What if we ignore the random effects when analyzing RNA-seq data in a multifactor experiment
Cheng Jianlin and
Qiu Jing ()
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Ji Tieming: Department of Statistics, University of Missouri, Columbia, MO 65211, USA
Cheng Jianlin: Department of Computer Science, University of Missouri, Columbia, MO 65211, USA
Qiu Jing: Department of Applied Economics and Statistics, University of Delaware, Newark, DE 19716, USA
Statistical Applications in Genetics and Molecular Biology, 2016, vol. 15, issue 2, 87-105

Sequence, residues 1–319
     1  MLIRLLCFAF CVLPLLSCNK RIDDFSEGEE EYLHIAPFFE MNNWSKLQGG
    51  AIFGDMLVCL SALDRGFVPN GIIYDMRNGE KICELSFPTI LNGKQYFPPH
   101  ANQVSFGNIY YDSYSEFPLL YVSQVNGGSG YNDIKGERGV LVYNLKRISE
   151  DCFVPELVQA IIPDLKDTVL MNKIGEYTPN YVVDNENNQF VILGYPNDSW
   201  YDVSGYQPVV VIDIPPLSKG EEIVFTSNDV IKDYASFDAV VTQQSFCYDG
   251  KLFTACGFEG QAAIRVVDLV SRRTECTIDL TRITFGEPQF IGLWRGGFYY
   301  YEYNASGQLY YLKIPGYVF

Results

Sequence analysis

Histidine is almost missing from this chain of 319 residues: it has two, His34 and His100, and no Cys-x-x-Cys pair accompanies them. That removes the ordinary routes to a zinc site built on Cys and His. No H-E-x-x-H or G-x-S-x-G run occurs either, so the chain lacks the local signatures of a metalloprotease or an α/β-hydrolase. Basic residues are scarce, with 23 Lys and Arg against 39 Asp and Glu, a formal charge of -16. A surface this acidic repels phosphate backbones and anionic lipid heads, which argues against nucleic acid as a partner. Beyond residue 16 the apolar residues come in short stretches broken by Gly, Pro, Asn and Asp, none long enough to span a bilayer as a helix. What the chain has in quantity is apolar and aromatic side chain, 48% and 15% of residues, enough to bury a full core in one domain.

Identifying differentially expressed (DE) genes between different conditions is one of the main goals of RNA-seq data analysis. Although a large amount of RNA-seq data were produced for two-group comparison with small sample sizes at early stage, more and more RNA-seq data are being produced in the setting of complex experimental designs such as split-plot designs and repeated measure designs. Data arising from such experiments are traditionally analyzed by mixed-effects models. Therefore an appropriate statistical approach for analyzing RNA-seq data from such designs should be generalized linear mixed models (GLMM) or similar approaches that allow for random effects. However, common practices for analyzing such data in literature either treat random effects as fixed or completely ignore the experimental design and focus on two-group comparison using partial data. In this paper, we examine the effect of ignoring the random effects when analyzing RNA-seq data. We accomplish this goal by comparing the standard GLMM model to the methods that ignore the random effects through simulation studies and real data analysis. Our studies show that, ignoring random effects in a multi-factor experiment can lead to the increase of the false positives among the top selected genes or lower power when the nominal FDR level is controlled.
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